Dec 18, 2022 • 56M

Podcast: Classic Cocktails with French Spirits

With Forest Collins of 52 Martinis in Paris

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David Lebovitz
Talks with my favorite bakers, food producers, pastry chefs, bartenders, cooks, spirits experts, and on other topics, such as travel, Paris, and French culinary culture.
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It’s the time of year to celebrate, and if I’m serving a cocktail, I’m always inclined to include one with a French spirit in it. Thankfully, a number of classic cocktails are made even better with French spirits, and I invited my friend Forest Collins to cover over, who writes 52 Martinis, a website dedicated to featuring the best cocktail bars in Paris, to shake, stir, and share a few of her favorite cocktail recipes with us.

During our chat, Forest made three classic cocktails using French ingredients (the recipes are below), and each one was better than the next. The biggest surprise? The 50:50 Martini.

There’s a tendency for some people who enjoy Martinis to make it known to others that they like theirs stingy with the vermouth. But with a flavorful vermouth (or in this case, Cap Corse), you can enjoy a lower ABV cocktail. I’d never had a 50:50 before (sometimes called a Fitty-Fitty), and as you can tell in the podcast, I was overjoyed with it.

Visit 52 Martinis website

(Speaking of variations on the Martini, the vermouth-heavy one may hew closer to the original Martini. Robert Simonson, who wrote The Martini Book, mentioned a theory that the drink might have been named after Martini & Rossi vermouth and was perhaps a more vermouth-forward, apéritif-style drink than we know it today, and served over ice!)

If you’re one of those people who’s used to a martini that’s more gin-forward, give the 50:50 a try. The Jack Rose is also going to go on rotation in my house, and who doesn’t love a good Sidecar?

Enjoy the podcast, and the drinks!


Visit Forest Collins at her website: 52 Martinis

Listen to Forest’s podcast: Paris Cocktail Talk

Follow Forest on Instagram and Facebook

Download Forest’s Paris (free) cocktail app, for iOS: Paris Cocktails

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One cocktail

David’s Note: Some bartenders like to use Cointreau in a Sidecar because it’s transparent. Pierre Ferrand curaçao is distilled, then macerated with Laraha oranges, the fruits that are traditionally used for making curaçao, so it has some natural color and is bright with the flavor and color. Hence, this cocktail will be a little darker than the bright yellow, but (in my opinion) more flavorful.

2 ounces cognac

3/4 ounce freshly squeezed lemon juice (measured after straining out the pulp)

3/4 ounce dry curaçao, such as Pierre Ferrand dry curaçao

1/2 teaspoon rich simple syrup*

Add all the ingredients to a cocktail shaker. Fill the shaker two-thirds full of ice.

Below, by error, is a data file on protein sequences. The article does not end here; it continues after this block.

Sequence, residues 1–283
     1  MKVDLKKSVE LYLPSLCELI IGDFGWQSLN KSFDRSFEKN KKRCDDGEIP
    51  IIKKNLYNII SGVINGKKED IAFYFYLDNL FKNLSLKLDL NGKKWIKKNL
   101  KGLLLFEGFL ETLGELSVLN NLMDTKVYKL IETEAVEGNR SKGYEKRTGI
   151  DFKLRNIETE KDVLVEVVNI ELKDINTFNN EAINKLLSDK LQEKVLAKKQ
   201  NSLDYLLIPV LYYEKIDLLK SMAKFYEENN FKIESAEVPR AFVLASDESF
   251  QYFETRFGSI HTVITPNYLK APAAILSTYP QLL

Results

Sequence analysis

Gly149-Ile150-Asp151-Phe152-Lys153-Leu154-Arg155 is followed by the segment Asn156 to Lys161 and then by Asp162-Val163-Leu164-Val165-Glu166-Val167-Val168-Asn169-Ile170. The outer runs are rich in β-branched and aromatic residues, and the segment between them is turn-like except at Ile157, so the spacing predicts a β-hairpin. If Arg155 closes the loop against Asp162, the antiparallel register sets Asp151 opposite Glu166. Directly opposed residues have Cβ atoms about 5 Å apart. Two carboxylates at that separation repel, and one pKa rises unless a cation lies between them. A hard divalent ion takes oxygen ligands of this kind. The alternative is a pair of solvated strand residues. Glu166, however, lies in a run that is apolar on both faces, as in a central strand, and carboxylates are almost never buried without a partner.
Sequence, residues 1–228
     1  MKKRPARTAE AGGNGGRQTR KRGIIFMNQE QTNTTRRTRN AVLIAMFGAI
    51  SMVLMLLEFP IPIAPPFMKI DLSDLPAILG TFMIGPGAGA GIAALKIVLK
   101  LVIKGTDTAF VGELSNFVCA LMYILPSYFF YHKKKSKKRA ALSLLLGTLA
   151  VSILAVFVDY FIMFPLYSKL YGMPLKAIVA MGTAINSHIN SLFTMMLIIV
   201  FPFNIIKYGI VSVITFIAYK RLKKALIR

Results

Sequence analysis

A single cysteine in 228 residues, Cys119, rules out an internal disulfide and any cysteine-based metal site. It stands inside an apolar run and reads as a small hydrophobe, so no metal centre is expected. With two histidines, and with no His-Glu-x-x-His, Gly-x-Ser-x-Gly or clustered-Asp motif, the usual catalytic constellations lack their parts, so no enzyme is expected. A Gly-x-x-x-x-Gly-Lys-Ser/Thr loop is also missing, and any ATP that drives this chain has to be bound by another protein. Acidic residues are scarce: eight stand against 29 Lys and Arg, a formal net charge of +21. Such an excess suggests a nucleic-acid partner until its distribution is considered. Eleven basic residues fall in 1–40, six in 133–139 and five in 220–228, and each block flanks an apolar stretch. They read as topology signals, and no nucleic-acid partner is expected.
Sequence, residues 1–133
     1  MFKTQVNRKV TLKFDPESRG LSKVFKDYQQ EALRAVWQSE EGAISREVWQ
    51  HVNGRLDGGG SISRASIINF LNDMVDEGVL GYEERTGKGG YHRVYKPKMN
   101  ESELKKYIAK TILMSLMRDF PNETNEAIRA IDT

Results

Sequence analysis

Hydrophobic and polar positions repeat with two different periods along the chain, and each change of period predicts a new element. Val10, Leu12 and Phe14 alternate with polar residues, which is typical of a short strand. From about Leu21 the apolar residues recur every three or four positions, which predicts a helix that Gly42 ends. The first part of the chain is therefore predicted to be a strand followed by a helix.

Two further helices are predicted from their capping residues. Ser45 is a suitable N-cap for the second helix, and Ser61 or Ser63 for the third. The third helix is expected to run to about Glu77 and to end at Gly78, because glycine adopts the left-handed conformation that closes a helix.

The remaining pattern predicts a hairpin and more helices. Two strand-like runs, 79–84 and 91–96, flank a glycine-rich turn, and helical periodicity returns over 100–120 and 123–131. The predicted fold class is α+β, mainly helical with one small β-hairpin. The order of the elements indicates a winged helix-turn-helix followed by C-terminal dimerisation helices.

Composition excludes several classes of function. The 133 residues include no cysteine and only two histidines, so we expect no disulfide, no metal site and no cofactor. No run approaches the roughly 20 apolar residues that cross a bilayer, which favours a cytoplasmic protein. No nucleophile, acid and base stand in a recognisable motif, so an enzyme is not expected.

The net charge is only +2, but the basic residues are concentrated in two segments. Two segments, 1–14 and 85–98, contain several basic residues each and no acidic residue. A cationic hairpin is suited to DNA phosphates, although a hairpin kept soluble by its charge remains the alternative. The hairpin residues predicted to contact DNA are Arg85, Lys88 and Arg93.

Cover and shake for 10-15 seconds. (David Note: Forest stirs this cocktail because she doesn’t love the look of the bubbles crowding a brown cocktail, but standard practice is to shake it.)

Strain into a chilled cocktail coupe glass.

*To make rich simple syrup: 1 part filtered water and 2 parts granulated sugar shaken together in a jar or bottle with a lid until sugar dissolves. Alternatively, you can heat gently to dissolve the sugar. 

Jack Rose

One cocktail

David Note: Christian Drouin makes a Calvados specifically formulated for using cocktails. It’s available in the U.S. at Astor Wine and Spirits. St. Georges makes a terrific apple brandy in the U.S. But you can find others.

2 ounces Calvados (the more apple forward, the better - )

3/4 ounce freshly squeezed lemon juice (measured after straining the pulp)

3/4 ounce homemade grenadine syrup*

Add all the ingredients to a cocktail shaker. Fill the shaker two-thirds full of ice. 

Cover and shake for 10-15 seconds.

Strain into a chilled cocktail coupe glass.

*To make grenadine: equal parts 100% pomegranate juice and granulated sugar, shaken together in a jar or bottle with a lid until sugar dissolves. Alternatively, you can heat gently to dissolve the sugar. For more depth of flavor, add a dash of orange blossom water. 

Download the Paris Cocktails App!

French 50-50 Martini

David Note: Cap Corse is a lesser-known French apéritif made in Corsica. The white version, used here, is a great substitute for gin and is redolent with citron, as well as quinine and various other botanicals cultivated in Corsica. It’s also excellent served over ice with a twist and makes a delicious Cap Corse and Tonic, served in a goblet filled with ice. Once opened, keep the bottle in the refrigerator; being wine-based, it’s best enjoyed a month after it’s opened.

1 1/2 ounces French gin (Forest used Citadelle)

1 1/2 ounces Cap Corse Mattei Blanc

Lemon twist

Add all ingredients to a mixing glass, Fill halfway with ice.

Stir for 30 seconds.

Strain into a chilled cocktail coupe glass.

Express the lemon twist over the cocktail, squeezing its skin side facing the drink, to flavor it with lemon oil.

Option: Garnish with the zest or a small slice of preserved lemon.

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